John Hall, 30, a waiter who had been glancing up at the debate on a giant screen hung above a fireplace as he bustled around the bar, began lingering longer and longer.
Afterward, Hall said he believed Obama had clearly gotten the better of Romney.
“He was more specific. And I think it’s true what he said, he’s stopped the bleeding in the economy,” said Hall, who will vote for Obama. “It’s still bad. But he stopped the bleeding.”
Two out-of-state visitors in the bar were watching closely to see if Obama would be more assertive.
“This is where he needs to be aggressive,” Curtis Wilgosh said as Obama opened his very first answer, pivoting from a question about helping college graduates find jobs to his support for the auto bailout.
“He’s being aggressive this time,” responded his viewing partner, Chakra Dabbara, 54, from New Jersey.
“Yeah, this is good,” said Wilgosh, 38, a management consultant from Madison, Wisconsin.
When Obama reminded Romney of a news conference he once gave as Massachusetts governor outside a coal plant, where he said that the plant killed people, Wilgosh laughed. “That’ll be a YouTube video in the morning,” he said.
At a nearby table, sales manager Scott Hanna, 46, watched with childhood friend Steve Williams, 46, who works in information technology. Hanna will vote for Romney. Williams will cast his first vote ever — for Obama. As the debate proceeded, both said they found little new said that might sway anyone’s point of view.
“So, they’ll both cut taxes and give everyone jobs?” Hanna said. “It scares me that so many undecided voters decided based on this.”
“No change for me,” Williams said as the debate ended. “I’m still on my same vote.”
Ohio may be the place where Obama needed a strong debate performance more than anywhere else. As poll numbers slide in the battlegrounds of Florida and Virginia, Ohio is developing into something of a bulwark for the president.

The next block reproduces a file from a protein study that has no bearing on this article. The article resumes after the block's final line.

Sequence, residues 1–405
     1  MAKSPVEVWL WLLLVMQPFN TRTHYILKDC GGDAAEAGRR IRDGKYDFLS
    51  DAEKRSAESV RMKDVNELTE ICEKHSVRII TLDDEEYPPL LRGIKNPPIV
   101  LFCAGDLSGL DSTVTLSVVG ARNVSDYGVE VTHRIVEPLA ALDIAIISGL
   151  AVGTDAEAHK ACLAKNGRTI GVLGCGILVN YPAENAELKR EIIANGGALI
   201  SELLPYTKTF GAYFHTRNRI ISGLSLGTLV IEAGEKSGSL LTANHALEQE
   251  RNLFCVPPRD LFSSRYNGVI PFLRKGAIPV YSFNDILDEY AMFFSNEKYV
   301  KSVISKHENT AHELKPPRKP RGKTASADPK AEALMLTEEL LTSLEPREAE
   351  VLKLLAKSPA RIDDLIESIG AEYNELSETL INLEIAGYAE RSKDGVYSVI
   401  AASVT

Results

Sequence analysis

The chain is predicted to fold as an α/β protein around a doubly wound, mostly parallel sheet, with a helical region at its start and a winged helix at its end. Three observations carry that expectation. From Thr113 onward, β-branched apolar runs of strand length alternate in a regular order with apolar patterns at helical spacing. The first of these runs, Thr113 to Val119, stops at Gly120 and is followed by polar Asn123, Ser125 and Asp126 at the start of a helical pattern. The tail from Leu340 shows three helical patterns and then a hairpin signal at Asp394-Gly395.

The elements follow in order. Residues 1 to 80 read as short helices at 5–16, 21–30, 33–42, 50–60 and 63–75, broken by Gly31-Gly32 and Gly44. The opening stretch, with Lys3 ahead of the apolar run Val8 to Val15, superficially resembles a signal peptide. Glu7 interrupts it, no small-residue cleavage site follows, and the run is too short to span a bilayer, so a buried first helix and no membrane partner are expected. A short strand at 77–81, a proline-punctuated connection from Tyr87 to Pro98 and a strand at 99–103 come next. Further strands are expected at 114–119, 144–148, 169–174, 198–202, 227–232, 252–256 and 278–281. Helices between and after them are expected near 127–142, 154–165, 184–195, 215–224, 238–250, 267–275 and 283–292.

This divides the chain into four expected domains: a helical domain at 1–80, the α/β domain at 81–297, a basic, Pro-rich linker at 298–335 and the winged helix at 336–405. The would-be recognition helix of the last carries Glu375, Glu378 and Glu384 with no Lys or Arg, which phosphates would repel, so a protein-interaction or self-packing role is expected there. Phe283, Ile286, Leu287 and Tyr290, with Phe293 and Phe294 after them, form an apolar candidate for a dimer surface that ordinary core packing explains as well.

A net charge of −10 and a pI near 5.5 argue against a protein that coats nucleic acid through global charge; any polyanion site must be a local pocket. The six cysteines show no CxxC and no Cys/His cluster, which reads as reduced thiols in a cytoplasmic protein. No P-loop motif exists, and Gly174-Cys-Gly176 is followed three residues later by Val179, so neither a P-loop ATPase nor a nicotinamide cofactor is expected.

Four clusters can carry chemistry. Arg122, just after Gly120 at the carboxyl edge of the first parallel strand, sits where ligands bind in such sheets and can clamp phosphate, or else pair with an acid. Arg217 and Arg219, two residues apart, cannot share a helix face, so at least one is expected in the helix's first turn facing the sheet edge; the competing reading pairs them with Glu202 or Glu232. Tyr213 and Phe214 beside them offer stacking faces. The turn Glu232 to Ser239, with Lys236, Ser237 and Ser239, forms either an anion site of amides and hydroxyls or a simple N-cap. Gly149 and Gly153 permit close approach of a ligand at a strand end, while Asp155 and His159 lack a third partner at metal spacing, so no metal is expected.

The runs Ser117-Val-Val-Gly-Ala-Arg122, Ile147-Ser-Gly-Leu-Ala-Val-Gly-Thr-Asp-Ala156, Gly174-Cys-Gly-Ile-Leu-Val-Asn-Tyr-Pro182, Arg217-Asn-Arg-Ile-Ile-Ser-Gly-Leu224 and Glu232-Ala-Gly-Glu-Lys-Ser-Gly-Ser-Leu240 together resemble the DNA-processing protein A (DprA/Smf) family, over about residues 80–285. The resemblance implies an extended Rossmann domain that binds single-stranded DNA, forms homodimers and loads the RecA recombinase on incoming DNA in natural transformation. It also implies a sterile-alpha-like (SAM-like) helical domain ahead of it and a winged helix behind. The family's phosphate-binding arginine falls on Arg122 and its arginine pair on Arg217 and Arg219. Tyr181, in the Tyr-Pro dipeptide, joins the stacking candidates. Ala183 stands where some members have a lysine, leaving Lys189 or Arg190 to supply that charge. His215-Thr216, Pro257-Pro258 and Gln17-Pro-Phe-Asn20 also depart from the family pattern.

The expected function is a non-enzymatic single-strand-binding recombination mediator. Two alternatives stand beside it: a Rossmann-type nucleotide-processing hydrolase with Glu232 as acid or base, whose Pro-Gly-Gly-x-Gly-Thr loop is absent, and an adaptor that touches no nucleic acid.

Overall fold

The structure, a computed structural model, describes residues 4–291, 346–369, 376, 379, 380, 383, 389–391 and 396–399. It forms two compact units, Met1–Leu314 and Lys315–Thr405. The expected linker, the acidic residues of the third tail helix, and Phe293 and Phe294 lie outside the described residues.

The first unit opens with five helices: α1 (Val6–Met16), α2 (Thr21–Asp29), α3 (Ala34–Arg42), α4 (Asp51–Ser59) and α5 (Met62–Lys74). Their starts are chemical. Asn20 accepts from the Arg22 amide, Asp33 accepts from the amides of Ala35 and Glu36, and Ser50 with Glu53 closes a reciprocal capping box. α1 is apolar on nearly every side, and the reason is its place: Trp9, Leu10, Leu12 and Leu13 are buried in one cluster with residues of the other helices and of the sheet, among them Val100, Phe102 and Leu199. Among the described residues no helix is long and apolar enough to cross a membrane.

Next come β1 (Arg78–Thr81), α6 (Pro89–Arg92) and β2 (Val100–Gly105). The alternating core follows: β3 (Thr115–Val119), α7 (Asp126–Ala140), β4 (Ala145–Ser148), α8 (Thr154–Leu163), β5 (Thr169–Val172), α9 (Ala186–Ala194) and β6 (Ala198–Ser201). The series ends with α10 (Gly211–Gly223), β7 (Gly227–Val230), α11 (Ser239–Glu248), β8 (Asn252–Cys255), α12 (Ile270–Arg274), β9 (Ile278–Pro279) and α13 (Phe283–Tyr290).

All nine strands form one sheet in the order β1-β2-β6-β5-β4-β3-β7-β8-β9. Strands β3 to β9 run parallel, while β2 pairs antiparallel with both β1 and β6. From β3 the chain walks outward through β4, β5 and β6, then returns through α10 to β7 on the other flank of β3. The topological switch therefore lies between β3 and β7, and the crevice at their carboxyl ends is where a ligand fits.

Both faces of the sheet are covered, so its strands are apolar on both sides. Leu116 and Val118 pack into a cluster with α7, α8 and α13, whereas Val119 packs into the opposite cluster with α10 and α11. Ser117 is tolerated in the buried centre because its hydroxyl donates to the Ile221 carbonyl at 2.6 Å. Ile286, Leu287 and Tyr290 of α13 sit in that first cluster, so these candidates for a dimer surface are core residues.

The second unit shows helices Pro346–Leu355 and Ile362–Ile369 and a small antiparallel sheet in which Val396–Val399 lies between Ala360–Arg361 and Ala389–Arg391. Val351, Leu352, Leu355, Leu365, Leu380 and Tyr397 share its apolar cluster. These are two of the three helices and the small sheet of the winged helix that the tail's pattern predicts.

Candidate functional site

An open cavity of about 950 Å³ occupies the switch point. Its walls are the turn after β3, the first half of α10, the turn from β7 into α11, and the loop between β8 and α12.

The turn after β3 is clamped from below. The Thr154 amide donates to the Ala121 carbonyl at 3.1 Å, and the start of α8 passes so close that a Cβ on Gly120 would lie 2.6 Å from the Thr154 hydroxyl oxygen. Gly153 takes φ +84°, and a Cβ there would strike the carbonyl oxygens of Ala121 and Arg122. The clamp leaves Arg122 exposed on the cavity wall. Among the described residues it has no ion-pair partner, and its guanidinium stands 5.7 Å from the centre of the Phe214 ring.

Polls have tightened here too, but most show Obama maintaining a small lead, and it would be difficult for Romney to win the White House without the state, a task no Republican has ever accomplished before.
Just before the debate, Ohio Sen. Rob Portman (R), who has campaigned extensively with Romney in the state and helped prepare him for the clashes, said internal polls show Ohio is now a “dead heat.” Obama campaign manager Jim Messina countered the president is still ahead in the state.
As the debate wore on, the bar — which had been packed with a largely non-debate viewing audience at the start — began to clear out.
Wilgosh and Dabbara were two of the last to leave the bar, which caters to a union crowd. Wilgosh said he was comforted. He believed that Romney’s aggressiveness had turned into bullying, which could be a turn-off to some voters.
Wilgosh said he thought Romney’s attitude — particularly as the two sparred over oil production — verged on hostility.”The larger message here is that Romney is being disrespectful,” he said. “You’ve got a president on stage. You’ve got a challenger who, in one instance, is just face-to-face challenging the president. I don’t like that.”
Obama’s performance? “Much better,” Dabbara said. “More energy,” Wilgosh said.
Will it swing elections results? “The popular vote maybe,” Wilgosh said. “I think he’s already got the electoral vote locked up.”